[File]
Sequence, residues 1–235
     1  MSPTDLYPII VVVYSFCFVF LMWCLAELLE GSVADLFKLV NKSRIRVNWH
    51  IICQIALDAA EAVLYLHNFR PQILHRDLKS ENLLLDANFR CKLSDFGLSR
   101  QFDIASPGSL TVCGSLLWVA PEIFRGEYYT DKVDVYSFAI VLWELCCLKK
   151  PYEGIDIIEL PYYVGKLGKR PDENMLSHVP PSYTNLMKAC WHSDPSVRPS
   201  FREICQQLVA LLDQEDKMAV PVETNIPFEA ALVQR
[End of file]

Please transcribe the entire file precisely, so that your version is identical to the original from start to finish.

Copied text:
Sequence, residues 1–235
     1  MSPTDLYPII VVVYSFCFVF LMWCLAELLE GSVADLFKLV NKSRIRVNWH
    51  IICQIALDAA EAVLYLHNFR PQILHRDLKS ENLLLDANFR CKLSDFGLSR
   101  QFDIASPGSL TVCGSLLWVA PEIFRGEYYT DKVDVYSFAI VLWELCCLKK
   151  PYEGIDIIEL PYYVGKLGKR PDENMLSHVP PSYTNLMKAC WHSDPSVRPS
   201  FREICQQLVA LLDQEDKMAV PVETNIPFEA ALVQR